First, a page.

No employer wants to be subject to an employee sexual harassment claim. It's bad business, and it's bad for business. In addition, depending on state law, managers and supervisors may also have individual personal liability. Examples of certain actions include:
- Not taking quick and appropriate action for harassment situations that were known or should have been known;
- Aiding, abetting, or engaging in sexual harassment; or
- Retaliating against an employee for making a complaint.
To help ensure a workplace environment that is free of harassment, consider applying and establishing any of the following tips:
- Establish a written Employee Handbook policy specifically addressing a hostile work environment.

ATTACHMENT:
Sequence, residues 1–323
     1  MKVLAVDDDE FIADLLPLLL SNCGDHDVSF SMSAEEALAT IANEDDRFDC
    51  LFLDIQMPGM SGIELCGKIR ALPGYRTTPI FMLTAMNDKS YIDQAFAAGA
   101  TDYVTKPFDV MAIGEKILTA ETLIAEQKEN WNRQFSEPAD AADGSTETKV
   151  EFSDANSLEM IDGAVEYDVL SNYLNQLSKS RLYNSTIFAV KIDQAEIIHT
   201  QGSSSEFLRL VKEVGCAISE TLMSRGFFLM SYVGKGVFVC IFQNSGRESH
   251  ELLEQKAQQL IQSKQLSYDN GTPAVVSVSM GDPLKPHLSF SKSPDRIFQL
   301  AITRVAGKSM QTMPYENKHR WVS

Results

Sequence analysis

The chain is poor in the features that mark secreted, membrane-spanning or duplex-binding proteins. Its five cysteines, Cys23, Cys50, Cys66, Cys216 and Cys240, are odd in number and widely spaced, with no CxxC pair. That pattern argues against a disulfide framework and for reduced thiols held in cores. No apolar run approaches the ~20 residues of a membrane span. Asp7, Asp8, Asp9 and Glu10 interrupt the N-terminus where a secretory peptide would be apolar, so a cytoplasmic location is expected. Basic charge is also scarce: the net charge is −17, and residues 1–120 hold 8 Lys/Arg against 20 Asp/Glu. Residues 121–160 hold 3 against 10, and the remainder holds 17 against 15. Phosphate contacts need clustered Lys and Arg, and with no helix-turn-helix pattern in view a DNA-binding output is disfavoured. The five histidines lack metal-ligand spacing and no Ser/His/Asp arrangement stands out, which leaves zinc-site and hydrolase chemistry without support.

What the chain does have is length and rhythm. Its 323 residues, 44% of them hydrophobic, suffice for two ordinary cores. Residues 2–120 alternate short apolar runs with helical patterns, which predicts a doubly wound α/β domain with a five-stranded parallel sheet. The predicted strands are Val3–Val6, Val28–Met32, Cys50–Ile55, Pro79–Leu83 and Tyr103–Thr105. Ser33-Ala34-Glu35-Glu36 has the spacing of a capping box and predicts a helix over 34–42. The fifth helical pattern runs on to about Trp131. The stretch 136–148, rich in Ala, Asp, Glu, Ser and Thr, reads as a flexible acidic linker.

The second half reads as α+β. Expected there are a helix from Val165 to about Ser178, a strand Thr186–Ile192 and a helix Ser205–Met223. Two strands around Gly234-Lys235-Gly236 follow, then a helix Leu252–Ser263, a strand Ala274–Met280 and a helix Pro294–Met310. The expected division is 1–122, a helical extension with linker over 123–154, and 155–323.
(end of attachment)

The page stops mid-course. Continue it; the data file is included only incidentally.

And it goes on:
- Update the company's electronic assets usage (i.e. Internet, texting) policies specifically addressing sexual harassment issues.
- Train Management and employees on what sexual harassment is and how to avoid it.
- Investigate each complaint and report immediately.
- Document all information gathered in the investigation of a complaint.
- Don't overreact and stick to the facts. Managers and supervisors who do overreact and jump to unfounded conclusions toward an accused employee are held accountable as likely as those who do nothing.
- Communicate with involved parties while emphasizing protection of confidentiality and privacy as appropriately as possible.
- Keep aware whether following-up on specific cases or monitoring the workplace in general.